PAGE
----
Northern Ireland news

Joe Brolly says he believes concept of nationalism is 'dying'

Sinn Féin MP John Finucane and Joe Brolly during their interview for OTB Sports

GAA pundit Joe Brolly has said he believes the concept of nationalism is "dying".

The former Derry footballer also said most people across Ireland are now "happy to see themselves as Europeans" and that nationalism was no longer as important.

His comments came during a joint interview with Sinn Féin MP John Finucane for Off The Ball Sports, in which the two men discussed how political division in Northern Ireland had caused delays in the redevelopment of Casement Park.

They also spoke about how the development of the west Belfast stadium was key to securing a joint Irish/UK bid to host Euro 2028.

Mr Brolly said he believes that mistakes were made in properly engaging with local residents on the redevelopment and that the failure to modernise the GAA facility while new soccer and rugby stadiums have been built is reflective of long standing divides in Northern Ireland.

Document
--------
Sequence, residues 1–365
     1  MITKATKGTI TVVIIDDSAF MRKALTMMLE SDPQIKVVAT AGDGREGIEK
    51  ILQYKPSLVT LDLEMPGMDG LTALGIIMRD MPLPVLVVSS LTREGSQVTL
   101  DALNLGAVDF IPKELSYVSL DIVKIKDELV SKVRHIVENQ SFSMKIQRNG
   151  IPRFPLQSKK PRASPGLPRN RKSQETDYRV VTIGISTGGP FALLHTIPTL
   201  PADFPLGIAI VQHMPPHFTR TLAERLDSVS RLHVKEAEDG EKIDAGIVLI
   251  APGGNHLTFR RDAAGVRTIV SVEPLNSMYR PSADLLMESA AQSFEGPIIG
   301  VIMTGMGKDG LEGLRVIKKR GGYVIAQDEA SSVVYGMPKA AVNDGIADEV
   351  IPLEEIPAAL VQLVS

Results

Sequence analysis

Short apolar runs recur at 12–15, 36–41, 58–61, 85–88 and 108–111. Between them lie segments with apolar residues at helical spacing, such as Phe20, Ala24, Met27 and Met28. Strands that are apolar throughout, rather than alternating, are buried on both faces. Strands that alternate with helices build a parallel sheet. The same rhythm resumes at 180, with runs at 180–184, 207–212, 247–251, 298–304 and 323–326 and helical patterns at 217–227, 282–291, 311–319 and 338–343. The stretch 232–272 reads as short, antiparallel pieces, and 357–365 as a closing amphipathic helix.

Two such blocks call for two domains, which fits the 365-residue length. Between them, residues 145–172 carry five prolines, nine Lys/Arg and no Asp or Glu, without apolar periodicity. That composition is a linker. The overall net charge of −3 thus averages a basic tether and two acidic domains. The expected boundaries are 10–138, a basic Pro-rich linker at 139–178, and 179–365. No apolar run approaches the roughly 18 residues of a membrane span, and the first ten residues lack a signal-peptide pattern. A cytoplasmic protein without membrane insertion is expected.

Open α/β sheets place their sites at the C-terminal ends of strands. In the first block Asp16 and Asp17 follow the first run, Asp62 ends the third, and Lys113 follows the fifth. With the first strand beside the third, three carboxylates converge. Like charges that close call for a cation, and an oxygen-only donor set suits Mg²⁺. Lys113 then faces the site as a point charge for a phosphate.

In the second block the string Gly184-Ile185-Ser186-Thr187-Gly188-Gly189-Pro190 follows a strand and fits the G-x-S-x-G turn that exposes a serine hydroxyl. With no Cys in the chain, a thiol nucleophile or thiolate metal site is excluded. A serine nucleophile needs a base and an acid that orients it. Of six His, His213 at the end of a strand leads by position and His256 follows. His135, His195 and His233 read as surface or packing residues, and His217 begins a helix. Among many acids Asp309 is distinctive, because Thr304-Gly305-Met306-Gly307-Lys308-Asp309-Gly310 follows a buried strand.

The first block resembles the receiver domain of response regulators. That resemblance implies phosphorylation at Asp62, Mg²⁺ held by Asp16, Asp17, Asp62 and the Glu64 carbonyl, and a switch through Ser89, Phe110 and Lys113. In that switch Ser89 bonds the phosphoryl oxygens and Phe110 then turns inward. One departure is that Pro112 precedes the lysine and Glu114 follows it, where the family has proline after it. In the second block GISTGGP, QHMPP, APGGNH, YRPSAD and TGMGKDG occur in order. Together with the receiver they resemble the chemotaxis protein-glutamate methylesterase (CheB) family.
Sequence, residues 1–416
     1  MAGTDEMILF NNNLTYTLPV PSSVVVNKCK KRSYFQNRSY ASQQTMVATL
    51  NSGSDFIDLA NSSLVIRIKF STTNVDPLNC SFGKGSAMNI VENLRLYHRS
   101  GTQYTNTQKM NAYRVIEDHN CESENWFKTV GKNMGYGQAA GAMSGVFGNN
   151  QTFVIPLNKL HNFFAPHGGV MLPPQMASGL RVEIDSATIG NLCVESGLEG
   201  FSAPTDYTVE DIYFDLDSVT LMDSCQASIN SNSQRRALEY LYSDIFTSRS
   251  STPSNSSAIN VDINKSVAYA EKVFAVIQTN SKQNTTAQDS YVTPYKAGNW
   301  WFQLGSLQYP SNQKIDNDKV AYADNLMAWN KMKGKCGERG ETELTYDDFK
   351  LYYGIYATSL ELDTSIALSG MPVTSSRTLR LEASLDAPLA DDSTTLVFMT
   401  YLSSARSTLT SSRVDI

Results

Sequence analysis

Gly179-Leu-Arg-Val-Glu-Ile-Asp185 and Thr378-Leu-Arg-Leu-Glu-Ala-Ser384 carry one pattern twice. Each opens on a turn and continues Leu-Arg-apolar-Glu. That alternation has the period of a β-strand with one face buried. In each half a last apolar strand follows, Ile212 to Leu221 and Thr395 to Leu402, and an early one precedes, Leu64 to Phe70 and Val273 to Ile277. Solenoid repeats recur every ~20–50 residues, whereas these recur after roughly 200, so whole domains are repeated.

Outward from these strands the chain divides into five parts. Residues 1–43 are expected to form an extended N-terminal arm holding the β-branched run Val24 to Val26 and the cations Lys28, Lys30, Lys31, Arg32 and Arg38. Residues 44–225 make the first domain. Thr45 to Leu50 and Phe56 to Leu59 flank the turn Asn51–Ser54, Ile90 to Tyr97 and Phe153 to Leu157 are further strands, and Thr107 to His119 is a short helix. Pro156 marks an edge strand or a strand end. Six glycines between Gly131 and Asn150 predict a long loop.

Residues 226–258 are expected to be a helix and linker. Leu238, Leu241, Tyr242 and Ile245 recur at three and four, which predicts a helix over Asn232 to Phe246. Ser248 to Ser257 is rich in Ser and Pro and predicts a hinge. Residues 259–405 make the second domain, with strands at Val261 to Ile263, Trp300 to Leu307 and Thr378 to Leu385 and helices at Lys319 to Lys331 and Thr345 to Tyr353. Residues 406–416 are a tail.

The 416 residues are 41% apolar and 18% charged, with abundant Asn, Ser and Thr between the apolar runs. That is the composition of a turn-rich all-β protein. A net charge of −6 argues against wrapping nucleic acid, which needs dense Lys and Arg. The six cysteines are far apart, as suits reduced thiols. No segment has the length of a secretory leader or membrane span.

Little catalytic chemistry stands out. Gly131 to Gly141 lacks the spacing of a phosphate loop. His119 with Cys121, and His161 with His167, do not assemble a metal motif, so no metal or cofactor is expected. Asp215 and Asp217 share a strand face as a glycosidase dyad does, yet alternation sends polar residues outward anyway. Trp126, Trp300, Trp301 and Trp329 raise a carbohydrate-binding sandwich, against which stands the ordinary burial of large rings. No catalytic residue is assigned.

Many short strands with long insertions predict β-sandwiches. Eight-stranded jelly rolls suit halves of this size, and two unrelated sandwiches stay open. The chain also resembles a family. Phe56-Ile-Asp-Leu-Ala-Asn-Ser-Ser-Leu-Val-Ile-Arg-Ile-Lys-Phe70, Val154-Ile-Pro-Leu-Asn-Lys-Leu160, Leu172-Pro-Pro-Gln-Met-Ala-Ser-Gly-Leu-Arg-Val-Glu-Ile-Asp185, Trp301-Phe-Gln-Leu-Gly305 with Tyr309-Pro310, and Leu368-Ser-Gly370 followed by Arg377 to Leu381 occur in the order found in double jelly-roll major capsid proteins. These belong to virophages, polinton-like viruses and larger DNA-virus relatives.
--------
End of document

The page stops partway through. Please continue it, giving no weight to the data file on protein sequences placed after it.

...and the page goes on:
The two men spoke about the redevelopment of Casement Park in west Belfast. Picture by Mal McCann

Speaking as part of the interview with Eoin Sheahan, Mr Brolly also discussed the concept of nationalism.

"I think that nationalism as a concept is dying anyway," he said.

"Ireland is in a sort of very strong federation of 27 states. All together, of the 48 European countries and dependancies, 45 of them are either in the European Union, European free trade areas, like the Scandinavian countries or are applying to join the EU.

"There are are only three outside. Belarus, Russia and now the United Kingdom."

His comments echo those of the late former SDLP leader John Hume, who once declared that he was living in "a post-nationalist age". In 2004, the loss of the European Parliament seat once held by Mr Hume to Sinn Féin was also seen as a result of the party's lack of attention to nationalist concerns.

Mr Brolly also said during the interview that he believed, in Ireland, most people were happy to see themselves as Europeans and that Scotland had tried to distance itself from the 'xenophobia' of Brexit.

"The Scots are trying to disassociate themselves from this," he said.

"They never voted for Brexit. We see where that nationalism brings you, that xenophobia.

"We see it in Russia, in Belarus. We are seeing it in England. In Ireland, I think the people are happy to be Europeans now."

Mr Brolly said he believes the concepts of nationalism on either side of the border were no longer as important to people.

"Increasingly, of course we go and cheer the team on when they are playing rugby," he said.

"We cheer the team on when they play their big soccer games.

"But, the concept of nationalism, I think it's dying. It is dying. I think it is dying in the north as well, I believe. We are seeing through Brexit how ridiculous it is."

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